Rabbi Avichail thinks that these Chiang, Shinlung and Karen were once one and the same tribe, because they all once wandered in China, were persecuted by the Chinese and lost the Torah there, having the same legends and customs. It seems that the origins of the Japanese and these Israelite Tibetans were once the same.

Current Jews, both Ashkenazi and Sephardic, mainly have haplogroups J, E and R. It is thought that ancient Jews mainly had haplogroups J and E.
Some people think that especially J was peculiar to original Jews, because about 80% of paternally inherited Cohen families, who are descendants of the High Priest Aaron, belong to J. However, Aaron was a Levite, and J is found among paternal Levites only at a relatively low frequency. The Levites have haplogroup E as other Jews do, and Samaritan Levite priests belong to haplogroup E. For haplogroup E is found in all Jewish groups of the world, E had been a distinctive Jewish haplogroup since before the diaspora of 70 C.E..
Israelites had experienced blood mixing since very early times. The Bible mentions about the exodus from Egypt, "Many other people who were not Israelites went with them" (Exodus 12:38, New Century Version). Moses many times mentioned about foreigners living among his people. They could become Israelites if circumcised and living as Israelites (Exodus 12:48, etc). There were thus some haplogroups found among ancient Israelites.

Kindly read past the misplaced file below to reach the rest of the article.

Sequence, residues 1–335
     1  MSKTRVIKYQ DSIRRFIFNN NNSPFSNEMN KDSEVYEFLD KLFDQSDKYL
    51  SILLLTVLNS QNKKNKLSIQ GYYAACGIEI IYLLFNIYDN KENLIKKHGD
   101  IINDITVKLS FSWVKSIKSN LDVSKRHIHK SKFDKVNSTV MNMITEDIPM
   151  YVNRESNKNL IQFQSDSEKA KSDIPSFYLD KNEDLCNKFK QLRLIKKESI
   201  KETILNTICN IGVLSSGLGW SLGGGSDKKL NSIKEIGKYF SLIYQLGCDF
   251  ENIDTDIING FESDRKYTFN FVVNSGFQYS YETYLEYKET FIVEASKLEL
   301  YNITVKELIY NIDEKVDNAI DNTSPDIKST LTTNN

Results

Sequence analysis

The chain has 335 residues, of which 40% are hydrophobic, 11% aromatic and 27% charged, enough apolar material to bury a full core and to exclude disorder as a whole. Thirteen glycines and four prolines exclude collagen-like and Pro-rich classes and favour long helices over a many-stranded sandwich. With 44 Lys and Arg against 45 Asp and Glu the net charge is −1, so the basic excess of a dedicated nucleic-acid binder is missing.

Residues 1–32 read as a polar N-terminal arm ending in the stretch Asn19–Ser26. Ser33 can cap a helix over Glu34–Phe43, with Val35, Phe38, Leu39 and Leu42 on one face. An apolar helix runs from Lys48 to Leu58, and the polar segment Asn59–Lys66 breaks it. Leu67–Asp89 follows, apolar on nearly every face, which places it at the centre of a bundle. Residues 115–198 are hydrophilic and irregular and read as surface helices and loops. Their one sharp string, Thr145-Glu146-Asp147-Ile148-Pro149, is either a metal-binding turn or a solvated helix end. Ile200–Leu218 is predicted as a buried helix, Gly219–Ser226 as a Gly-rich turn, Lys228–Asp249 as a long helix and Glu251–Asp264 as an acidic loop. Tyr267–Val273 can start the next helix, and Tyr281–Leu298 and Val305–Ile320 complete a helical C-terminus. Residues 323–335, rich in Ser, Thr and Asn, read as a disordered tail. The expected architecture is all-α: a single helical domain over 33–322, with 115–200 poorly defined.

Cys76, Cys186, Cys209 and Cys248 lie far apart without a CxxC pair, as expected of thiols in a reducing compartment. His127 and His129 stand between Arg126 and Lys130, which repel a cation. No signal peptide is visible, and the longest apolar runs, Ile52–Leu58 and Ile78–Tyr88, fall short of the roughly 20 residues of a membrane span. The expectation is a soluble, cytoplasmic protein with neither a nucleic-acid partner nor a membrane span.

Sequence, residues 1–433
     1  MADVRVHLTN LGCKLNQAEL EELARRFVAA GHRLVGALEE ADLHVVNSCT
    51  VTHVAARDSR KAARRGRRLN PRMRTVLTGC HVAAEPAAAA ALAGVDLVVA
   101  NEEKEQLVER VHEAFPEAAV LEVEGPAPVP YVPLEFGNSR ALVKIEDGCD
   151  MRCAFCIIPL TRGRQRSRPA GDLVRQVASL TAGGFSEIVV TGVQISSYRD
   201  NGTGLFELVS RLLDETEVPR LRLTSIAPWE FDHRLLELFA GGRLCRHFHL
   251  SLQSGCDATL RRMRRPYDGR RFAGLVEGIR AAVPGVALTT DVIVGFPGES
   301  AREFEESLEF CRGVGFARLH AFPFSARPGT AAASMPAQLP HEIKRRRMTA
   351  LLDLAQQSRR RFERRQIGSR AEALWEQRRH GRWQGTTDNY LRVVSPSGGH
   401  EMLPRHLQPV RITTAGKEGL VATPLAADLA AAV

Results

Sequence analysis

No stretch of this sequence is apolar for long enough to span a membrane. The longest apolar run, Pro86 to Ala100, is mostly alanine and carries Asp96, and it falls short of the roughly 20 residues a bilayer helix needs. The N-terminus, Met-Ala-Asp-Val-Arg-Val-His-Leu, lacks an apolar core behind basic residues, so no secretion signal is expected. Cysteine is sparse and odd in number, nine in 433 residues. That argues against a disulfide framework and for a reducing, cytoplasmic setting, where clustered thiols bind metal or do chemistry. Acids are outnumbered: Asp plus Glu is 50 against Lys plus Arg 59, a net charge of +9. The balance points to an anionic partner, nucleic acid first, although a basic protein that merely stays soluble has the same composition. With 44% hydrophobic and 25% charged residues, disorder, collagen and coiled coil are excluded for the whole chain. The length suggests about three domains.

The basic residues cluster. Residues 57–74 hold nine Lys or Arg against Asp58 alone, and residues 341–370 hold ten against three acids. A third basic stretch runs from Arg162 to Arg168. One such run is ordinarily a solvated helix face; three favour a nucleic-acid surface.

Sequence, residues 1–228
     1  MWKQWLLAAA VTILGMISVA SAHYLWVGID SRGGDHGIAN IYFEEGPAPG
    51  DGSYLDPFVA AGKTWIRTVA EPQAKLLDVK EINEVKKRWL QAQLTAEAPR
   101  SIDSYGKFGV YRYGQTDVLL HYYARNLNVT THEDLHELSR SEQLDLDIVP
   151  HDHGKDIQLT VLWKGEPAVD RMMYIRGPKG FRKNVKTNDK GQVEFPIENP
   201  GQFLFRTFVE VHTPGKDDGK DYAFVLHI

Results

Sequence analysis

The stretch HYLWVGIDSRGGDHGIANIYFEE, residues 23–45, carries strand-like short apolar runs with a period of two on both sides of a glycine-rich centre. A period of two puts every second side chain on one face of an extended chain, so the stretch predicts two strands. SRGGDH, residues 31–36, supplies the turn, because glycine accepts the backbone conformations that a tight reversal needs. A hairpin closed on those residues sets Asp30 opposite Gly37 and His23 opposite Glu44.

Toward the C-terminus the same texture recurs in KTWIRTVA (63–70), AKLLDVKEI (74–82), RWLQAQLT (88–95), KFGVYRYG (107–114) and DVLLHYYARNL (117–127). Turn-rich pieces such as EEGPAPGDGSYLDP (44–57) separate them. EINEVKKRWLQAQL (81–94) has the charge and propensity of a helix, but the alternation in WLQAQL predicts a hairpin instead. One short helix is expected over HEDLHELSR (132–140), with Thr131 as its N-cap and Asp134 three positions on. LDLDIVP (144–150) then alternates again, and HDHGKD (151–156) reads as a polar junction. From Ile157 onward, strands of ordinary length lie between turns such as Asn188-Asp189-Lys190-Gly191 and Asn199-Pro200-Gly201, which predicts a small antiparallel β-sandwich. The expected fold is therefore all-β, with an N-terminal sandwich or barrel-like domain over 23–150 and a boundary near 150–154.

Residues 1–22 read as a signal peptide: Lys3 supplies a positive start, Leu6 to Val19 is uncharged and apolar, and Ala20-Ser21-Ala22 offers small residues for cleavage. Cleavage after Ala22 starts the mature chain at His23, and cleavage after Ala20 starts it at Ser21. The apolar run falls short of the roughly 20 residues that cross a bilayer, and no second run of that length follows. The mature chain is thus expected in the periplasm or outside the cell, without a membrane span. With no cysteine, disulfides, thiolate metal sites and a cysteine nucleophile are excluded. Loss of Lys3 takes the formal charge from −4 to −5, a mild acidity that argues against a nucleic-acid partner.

However, most of the
peoples who are said to be from the Lost Tribes of Israel do not have haplogroup J, including the following peoples:
*Chiang (Qiang, southwest China)
*Bnei Menashe (Shinlung, northeast India)
*Karen (Myanmar)
*Bene Ephraim (South India)
*Beta Israel (Falasha, Ethiopia)
*Bukharan Jews (Persian Jews)
*Igbo Jews (Nigeria)
The Japanese also do not have haplogroup J. It seems that the basic haplogroup of ancient Israelites was haplogroup E or haplogroup DE (ancestor of haplogroups D and E). Today, the Pathans and Uzbekistan Jews, who are the Lost Tribes of Israel living in West Asia or Central Asia, have haplogroup E. While in the East, the Chiang and the Japanese have haplogroup D.
D and E were once one. The Japanese are genetically from the Lost Tribes of Israel.